Whether they like its interface or not, most people who use computers know what Windows looks like. Its very name proclaims that it's a GUI. Is the importance of this brandable look going to fall off? Could be.

One of the potential benefits of application service providers (ASPs) is that they can make the client-side OS irrelevant to your application choices. This statement isn't universally true—client/server applications need the client OS to run the application's client component, and some ASPs that publish browser-enabled applications require that clients use a particular version of a particular browser (and, thus, a particular OS). Typically, however, the statement is accurate: Running applications from a server in an ASP environment opens up the field of potential OSs quite a bit. For single-application environments, it can mean that you don't need much of a client-side OS at all—at least none that you see.

If your company provides Windows, the software that's almost synonymous with the word desktop, what does the disappearance—or at least virtualization—of the desktop mean? For Microsoft, it has meant a serious function-over-form makeover, pushing the OS's capabilities over its appearance—the part that many users are most apt to notice and comment on. In the last couple of weeks, Microsoft has shown its determination to do that. On January 13, Microsoft announced an alliance with Compaq and Digex intended to support application hosting—Digex SmartCenter data centers will manage Compaq servers running Windows 2000 (Win2K) and Microsoft BackOffice applications.

Last week, the pace increased. On February 1, Microsoft announced an alliance with EMC's Data General division. The companies will provide Windows 2000 Server (Win2K Server), Windows 2000 Advanced Server (Win2K AS), and Windows 2000 DataCenter Server (Win2K DataCenter) on Data General's server-in-a-box products. Data General will also offer its 99.9 percent uptime guarantee for these products. On February 2, Microsoft announced the Windows Alliance, geared to encourage network equipment makers and application developers to write for the Windows platform. On February 3, Microsoft, Compaq, and Esoft Global announced the Applications 2GO program to help developers adapt productivity applications for a European ASP environment (starting in the UK and moving north and south over the coming months). The rebranding seems evident on the client side also because Microsoft's recent announcement about its new standards of Windows-based terminals (WBTs) places less emphasis on whether the terminals use CE or NT Embedded—that is, on what the interface looks like—and more on what the terminals can do.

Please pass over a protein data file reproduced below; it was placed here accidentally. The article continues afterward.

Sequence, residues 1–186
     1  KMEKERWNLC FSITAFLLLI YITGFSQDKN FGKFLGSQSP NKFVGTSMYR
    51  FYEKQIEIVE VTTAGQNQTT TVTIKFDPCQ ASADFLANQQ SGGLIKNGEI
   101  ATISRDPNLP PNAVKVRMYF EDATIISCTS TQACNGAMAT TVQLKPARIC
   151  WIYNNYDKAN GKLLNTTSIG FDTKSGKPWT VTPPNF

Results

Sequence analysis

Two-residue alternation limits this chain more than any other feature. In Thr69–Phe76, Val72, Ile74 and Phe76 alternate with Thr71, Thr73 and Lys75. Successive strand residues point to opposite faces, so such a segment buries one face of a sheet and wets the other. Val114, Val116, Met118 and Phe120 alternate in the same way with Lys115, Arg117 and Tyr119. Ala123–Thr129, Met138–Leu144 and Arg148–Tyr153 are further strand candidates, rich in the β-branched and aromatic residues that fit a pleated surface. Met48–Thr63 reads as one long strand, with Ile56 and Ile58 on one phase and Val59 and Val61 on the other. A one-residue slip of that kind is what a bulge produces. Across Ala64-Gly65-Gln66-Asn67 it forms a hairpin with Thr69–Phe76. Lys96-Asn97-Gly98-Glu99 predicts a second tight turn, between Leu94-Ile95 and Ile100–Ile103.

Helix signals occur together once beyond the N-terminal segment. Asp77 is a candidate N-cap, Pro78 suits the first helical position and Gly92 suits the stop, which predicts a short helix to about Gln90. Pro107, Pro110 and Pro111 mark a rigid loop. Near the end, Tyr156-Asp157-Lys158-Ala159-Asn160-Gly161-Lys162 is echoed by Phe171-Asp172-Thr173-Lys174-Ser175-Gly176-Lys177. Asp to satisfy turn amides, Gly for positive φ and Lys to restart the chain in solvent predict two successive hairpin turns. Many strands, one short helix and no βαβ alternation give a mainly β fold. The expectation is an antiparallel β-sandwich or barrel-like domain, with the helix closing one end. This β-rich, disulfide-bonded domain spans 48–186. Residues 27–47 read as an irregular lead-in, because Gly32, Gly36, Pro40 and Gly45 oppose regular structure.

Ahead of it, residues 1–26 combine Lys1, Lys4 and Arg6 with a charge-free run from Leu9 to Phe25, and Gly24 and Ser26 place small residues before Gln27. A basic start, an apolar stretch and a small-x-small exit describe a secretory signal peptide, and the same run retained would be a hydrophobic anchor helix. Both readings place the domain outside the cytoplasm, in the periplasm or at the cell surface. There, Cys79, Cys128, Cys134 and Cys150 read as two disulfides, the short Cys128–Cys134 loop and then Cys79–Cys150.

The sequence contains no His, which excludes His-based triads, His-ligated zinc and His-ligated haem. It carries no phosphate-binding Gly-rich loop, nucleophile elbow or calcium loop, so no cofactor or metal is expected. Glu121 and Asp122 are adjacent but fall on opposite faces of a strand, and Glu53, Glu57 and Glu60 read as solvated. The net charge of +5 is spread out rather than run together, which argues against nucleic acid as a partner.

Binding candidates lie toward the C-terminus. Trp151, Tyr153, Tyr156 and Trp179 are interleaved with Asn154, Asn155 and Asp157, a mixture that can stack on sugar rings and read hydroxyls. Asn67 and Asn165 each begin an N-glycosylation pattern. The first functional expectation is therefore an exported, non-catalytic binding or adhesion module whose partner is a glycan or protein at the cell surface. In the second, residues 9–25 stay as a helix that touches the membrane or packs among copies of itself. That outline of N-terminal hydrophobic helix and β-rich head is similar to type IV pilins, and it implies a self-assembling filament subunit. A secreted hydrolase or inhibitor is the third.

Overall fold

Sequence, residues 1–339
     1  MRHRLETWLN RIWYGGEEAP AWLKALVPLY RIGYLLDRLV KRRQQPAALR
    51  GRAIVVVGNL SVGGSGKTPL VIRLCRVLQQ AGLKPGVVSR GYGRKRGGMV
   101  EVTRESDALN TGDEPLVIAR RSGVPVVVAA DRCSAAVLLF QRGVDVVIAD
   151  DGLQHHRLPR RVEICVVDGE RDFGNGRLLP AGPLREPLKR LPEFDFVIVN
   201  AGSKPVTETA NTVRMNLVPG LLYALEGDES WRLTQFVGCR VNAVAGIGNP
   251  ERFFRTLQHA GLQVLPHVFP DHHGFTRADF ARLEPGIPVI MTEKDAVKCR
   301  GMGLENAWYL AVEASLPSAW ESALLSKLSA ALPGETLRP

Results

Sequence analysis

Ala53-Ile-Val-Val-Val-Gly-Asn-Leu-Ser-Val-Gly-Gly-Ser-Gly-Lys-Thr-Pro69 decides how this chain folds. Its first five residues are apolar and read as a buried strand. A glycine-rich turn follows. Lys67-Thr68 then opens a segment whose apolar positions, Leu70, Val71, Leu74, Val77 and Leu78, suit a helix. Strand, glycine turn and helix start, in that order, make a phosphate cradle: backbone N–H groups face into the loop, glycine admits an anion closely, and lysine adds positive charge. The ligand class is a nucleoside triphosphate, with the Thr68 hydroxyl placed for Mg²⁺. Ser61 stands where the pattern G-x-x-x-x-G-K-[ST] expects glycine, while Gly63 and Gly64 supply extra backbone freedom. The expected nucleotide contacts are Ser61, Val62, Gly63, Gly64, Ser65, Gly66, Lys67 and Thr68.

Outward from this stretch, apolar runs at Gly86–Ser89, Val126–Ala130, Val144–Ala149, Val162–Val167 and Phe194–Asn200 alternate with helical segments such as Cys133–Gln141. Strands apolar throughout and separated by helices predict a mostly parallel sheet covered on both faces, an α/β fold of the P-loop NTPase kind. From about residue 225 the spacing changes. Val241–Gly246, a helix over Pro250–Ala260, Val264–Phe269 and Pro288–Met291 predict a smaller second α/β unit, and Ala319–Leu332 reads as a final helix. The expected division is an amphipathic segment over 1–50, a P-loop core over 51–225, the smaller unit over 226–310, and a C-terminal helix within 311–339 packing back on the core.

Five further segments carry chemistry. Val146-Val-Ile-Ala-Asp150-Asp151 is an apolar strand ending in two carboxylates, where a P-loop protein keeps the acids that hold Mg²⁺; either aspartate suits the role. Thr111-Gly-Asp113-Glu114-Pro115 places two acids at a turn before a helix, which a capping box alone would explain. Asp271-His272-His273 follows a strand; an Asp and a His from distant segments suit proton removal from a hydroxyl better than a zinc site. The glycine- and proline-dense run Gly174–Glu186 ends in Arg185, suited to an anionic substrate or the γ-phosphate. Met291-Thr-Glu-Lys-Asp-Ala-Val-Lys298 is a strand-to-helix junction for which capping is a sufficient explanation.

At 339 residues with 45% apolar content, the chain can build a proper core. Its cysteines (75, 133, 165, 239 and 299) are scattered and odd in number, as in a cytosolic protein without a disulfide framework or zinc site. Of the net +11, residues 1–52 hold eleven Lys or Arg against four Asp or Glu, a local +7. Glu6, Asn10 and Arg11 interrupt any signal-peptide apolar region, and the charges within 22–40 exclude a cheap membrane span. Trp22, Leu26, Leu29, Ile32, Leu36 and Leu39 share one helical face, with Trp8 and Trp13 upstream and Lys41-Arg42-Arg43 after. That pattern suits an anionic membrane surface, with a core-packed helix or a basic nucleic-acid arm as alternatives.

This push to promote Windows capabilities in the ASP market didn't start in January. In September 1999, the company announced the Complete Commerce program intended to encourage ASPs to use Windows NT as the server OS. Since then, Microsoft has promoted tools to make it easier to deploy applications and run them in a secure network environment. Citrix has been pushing its NT-dependent MetaFrame solution with great success, as the recent enlistment of more than 30 new members (including IBM and Corio) in Citrix's Application Developer Program shows. (Yes, Citrix now has MetaFrame for Solaris, but the company has made its reputation on Windows NT.) But the pace to Windowize the server side seems to have increased in recent weeks.

Late in 1999, I researched a story about where thin-client technology—inhouse and for ASPs—was going in 2000. One factoid that I picked up in the process was that Windows application development was dropping compared to Web application development; according to analysts and industry players, by the end of 2000 there will be more Web development than Windows development. Maybe. But as I said, it's too early to tell how profoundly ASPs will reshape computing. Right now, the environment is still heavily client- and Windows-centric. But just in case published applications become the norm—or a large chunk of it—Microsoft appears determined not to lose out to a world in which a well-designed Linux terminal could replace Windows on the desktop and still give users access to familiar-looking applications.